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Drugs of Abuse Blood Testing

Last updated April 16, 2018

Approved by: Krish Tangella MD, MBA, FCAP

The Drugs of Abuse Blood Testing is used to detect the presence of illegal drugs or their byproducts in blood. The test is used to determine if an individual has taken illegal drugs. It is also used to diagnose a drug overdose.

What are the other Names for this Test? (Equivalent Terms)

  • Blood Drug Screening Test
  • Sports Doping Blood Test
  • Substance Abuse Blood Test

What is Drugs of Abuse Blood Testing? (Background Information)

  • Ethanol (drinking alcohol) is the most commonly abused legal substance. Additionally, performance-enhancing drugs, such as steroids and erythropoietin, can be tested
  • To test for the presence of the above compounds, an initial screen is first performed. The initial screen detects the presence of a drug or its byproducts
  • However, the initial screen may detect compounds that are similar to illegal drugs and their byproducts. To differentiate between this and a legitimate drug abuse, a secondary test is performed, which is more sensitive
  • The Drugs of Abuse Blood Testing is used to detect the presence of illegal drugs or their byproducts in blood. The test is used to determine if an individual has taken illegal drugs. It is also used to diagnose a drug overdose

The National Institute for Drug Abuse (NIDA) has put together a list of the most commonly abused drugs. These include:

  • Amphetamines – stimulants (e.g. methamphetamine and Adderall®)
  • Barbiturates – depressants (e.g. phenobarbital)
  • Benzodiazepines – depressants (e.g. diazepam or Valium®)
  • Cannabinoids – hallucinogens (e.g. marijuana)
  • Cocaine
  • Opiates – depressants (e.g. codeine, morphine)
  • Phencyclidine (PCP)
  • Tricyclic antidepressants (TCAs)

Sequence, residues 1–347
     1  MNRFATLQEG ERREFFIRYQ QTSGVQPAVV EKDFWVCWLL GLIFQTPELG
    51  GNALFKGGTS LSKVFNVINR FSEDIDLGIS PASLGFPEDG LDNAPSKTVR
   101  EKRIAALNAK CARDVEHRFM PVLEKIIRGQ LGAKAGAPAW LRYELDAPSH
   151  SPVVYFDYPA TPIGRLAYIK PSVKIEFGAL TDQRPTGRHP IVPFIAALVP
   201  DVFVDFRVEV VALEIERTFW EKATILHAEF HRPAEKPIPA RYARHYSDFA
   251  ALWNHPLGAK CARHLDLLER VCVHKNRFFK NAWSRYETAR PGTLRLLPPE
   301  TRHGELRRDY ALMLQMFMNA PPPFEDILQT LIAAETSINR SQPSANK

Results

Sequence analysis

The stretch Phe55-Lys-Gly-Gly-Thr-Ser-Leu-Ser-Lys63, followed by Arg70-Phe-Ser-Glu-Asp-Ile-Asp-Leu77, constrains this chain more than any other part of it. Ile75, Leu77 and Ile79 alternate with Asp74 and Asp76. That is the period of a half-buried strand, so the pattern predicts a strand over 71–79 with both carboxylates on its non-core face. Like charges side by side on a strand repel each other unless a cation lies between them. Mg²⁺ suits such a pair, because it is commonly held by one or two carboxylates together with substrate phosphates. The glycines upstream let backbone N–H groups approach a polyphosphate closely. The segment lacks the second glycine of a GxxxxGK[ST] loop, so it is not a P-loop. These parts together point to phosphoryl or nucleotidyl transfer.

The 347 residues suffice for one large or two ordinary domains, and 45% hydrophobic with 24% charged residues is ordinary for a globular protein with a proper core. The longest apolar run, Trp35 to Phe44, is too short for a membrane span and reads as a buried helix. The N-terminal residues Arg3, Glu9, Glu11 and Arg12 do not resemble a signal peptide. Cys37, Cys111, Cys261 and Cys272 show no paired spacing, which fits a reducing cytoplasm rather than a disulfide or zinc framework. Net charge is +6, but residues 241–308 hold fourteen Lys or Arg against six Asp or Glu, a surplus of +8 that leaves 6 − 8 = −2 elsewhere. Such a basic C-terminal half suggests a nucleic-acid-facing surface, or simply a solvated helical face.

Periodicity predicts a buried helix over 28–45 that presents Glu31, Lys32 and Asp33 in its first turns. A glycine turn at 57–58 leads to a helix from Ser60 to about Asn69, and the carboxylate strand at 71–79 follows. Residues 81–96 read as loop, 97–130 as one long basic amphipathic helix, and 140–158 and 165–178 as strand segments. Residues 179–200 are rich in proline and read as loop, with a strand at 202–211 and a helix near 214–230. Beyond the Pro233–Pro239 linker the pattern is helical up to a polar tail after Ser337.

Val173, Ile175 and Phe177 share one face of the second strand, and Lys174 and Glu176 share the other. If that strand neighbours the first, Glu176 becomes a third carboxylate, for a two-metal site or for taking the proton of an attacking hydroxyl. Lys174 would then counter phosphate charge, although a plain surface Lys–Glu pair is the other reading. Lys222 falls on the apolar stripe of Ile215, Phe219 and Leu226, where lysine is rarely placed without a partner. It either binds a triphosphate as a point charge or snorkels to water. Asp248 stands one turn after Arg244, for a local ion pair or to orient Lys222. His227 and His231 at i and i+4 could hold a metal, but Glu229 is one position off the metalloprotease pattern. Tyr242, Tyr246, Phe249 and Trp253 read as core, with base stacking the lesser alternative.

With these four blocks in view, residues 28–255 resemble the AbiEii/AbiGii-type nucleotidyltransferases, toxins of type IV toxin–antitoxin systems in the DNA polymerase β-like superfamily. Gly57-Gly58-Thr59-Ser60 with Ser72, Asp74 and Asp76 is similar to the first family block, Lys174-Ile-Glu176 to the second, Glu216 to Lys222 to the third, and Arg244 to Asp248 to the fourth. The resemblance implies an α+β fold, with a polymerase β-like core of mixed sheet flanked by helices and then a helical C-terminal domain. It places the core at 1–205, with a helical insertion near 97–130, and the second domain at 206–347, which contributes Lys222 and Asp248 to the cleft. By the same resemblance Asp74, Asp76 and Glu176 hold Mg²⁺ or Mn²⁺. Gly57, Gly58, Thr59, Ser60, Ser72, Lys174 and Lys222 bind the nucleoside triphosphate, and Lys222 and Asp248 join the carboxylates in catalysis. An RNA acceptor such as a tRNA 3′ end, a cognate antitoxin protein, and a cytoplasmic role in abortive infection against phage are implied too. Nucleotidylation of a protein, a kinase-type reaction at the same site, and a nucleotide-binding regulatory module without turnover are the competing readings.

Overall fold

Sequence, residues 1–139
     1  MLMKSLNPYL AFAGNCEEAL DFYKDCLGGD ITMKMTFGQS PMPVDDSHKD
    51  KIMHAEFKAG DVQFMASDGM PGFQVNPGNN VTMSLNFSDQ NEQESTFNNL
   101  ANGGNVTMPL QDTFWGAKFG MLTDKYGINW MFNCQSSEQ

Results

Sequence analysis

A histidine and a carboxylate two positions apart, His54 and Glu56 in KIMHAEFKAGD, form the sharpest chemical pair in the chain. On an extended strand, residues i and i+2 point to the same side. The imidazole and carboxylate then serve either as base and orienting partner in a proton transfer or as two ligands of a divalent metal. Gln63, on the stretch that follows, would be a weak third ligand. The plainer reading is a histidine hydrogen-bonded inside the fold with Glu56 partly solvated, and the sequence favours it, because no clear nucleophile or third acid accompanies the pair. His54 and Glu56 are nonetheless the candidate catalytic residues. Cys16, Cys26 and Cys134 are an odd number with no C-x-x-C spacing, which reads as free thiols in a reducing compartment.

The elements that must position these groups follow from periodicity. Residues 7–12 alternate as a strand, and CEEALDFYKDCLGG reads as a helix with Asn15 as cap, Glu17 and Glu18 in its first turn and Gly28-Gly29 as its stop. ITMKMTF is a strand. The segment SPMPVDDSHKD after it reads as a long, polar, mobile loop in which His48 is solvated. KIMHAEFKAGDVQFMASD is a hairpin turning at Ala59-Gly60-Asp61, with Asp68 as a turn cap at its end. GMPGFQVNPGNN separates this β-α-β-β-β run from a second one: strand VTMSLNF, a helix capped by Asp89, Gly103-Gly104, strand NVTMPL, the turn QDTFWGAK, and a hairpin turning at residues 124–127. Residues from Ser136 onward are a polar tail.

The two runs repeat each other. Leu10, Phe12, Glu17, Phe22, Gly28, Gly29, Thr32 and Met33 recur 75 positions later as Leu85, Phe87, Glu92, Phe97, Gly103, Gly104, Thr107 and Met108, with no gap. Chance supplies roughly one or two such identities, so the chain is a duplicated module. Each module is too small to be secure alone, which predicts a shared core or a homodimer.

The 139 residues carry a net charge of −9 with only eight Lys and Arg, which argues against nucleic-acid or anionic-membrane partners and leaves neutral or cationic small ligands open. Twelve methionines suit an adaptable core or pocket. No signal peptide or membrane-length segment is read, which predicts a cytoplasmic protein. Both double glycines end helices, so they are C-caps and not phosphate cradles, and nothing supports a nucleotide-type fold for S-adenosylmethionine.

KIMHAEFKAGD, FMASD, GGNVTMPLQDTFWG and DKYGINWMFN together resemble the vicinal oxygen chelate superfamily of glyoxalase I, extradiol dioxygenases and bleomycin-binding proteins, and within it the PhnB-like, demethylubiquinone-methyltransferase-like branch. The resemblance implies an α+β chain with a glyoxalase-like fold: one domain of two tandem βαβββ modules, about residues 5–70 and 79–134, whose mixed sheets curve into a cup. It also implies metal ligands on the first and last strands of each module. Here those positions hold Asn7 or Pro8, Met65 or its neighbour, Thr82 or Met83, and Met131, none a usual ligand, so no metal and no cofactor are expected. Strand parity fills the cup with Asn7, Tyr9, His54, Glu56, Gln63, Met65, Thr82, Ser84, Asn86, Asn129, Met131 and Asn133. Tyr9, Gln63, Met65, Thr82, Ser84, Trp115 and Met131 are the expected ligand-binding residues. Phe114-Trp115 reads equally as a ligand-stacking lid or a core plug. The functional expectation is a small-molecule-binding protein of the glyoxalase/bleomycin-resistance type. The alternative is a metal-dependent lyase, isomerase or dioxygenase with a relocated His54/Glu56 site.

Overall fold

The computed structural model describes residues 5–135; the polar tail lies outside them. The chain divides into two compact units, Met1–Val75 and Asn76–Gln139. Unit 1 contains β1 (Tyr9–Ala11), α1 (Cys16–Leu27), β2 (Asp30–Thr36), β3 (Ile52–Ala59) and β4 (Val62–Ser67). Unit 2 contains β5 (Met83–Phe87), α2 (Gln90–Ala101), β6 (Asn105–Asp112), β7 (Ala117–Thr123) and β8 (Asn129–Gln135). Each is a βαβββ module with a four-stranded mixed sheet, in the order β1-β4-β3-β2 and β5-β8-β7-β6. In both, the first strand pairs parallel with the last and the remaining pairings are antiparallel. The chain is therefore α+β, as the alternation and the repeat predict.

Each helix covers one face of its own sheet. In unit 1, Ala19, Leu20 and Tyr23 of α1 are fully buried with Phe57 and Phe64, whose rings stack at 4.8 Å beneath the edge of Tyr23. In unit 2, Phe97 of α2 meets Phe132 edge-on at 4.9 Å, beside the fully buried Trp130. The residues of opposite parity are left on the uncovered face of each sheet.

What are the Clinical Indications for performing the Drugs of Abuse Blood Testing?

Following are the clinical indications for performing the Drugs of Abuse Blood Tests:

  • Routine screening for medical, legal, forensic, or athletic (sports) purposes
  • Diagnosing a drug overdose that is marked by:
    • Nausea
    • Erratic behavior
    • Dilated pupils
    • Vomiting
    • Dizziness
    • Seizures
    • Abdominal cramps

How is the Specimen Collected for Drugs of Abuse Blood Testing?

Following is the specimen collection process for Drugs of Abuse Blood Testing:

Sample required: Blood

Process of obtaining blood sample in adults:

  • A band is wrapped around the arm, 3-4 inches above the collection site (superficial vein that lies within the elbow pit)
  • The site is cleaned with 70% alcohol in an outward spiral, away from the zone of needle insertion
  • The needle cap is removed and is held in line with the vein, pulling the skin tight
  • With a small and quick thrust, the vein is penetrated using the needle
  • The required amount of blood sample is collected, by pulling the plunger of the syringe out slowly
  • The wrap band is removed, gauze is placed on the collection site, and the needle is removed
  • The blood is immediately transferred into the blood container, which has the appropriate preservative/clot activator/anti-coagulant
  • The syringe and the needle are disposed into the appropriate “sharp container” for safe and hygienic disposal

Preparation required: No special preparation is needed prior to the test.

What is the Significance of the Drugs of Abuse Blood Testing Result?

  • Positive Drugs of Abuse Blood Test indicate that an individual’s blood contains significant levels of a drug of abuse.

The laboratory test results are NOT to be interpreted as results of a "stand-alone" test. The test results have to be interpreted after correlating with suitable clinical findings and additional supplemental tests/information. Your healthcare providers will explain the meaning of your tests results, based on the overall clinical scenario.

Additional and Relevant Useful Information:

  • Some drugs, such as methylenedioxy-methamphetamine (MDMA), are difficult to test because adequate procedures are not available, unlike for many other drugs
  • Furthermore, drugs like gamma-hydroxybutyrate (GHB) are quickly cleared from the body. Thus, by the time a test is performed, significant levels may not remain in the body

Certain medications that you may be currently taking may influence the outcome of the test. Hence, it is important to inform your healthcare provider, the complete list of medications (including any herbal supplements) you are currently taking. This will help the healthcare provider interpret your test results more accurately and avoid unnecessary chances of a misdiagnosis.

Please visit our Laboratory Procedures Center for more physician-approved health information:


References and Information Sources used for the Article:

Reviewed and Approved by a member of the DoveMed Editorial Board
First uploaded: May 15, 2015
Last updated: April 16, 2018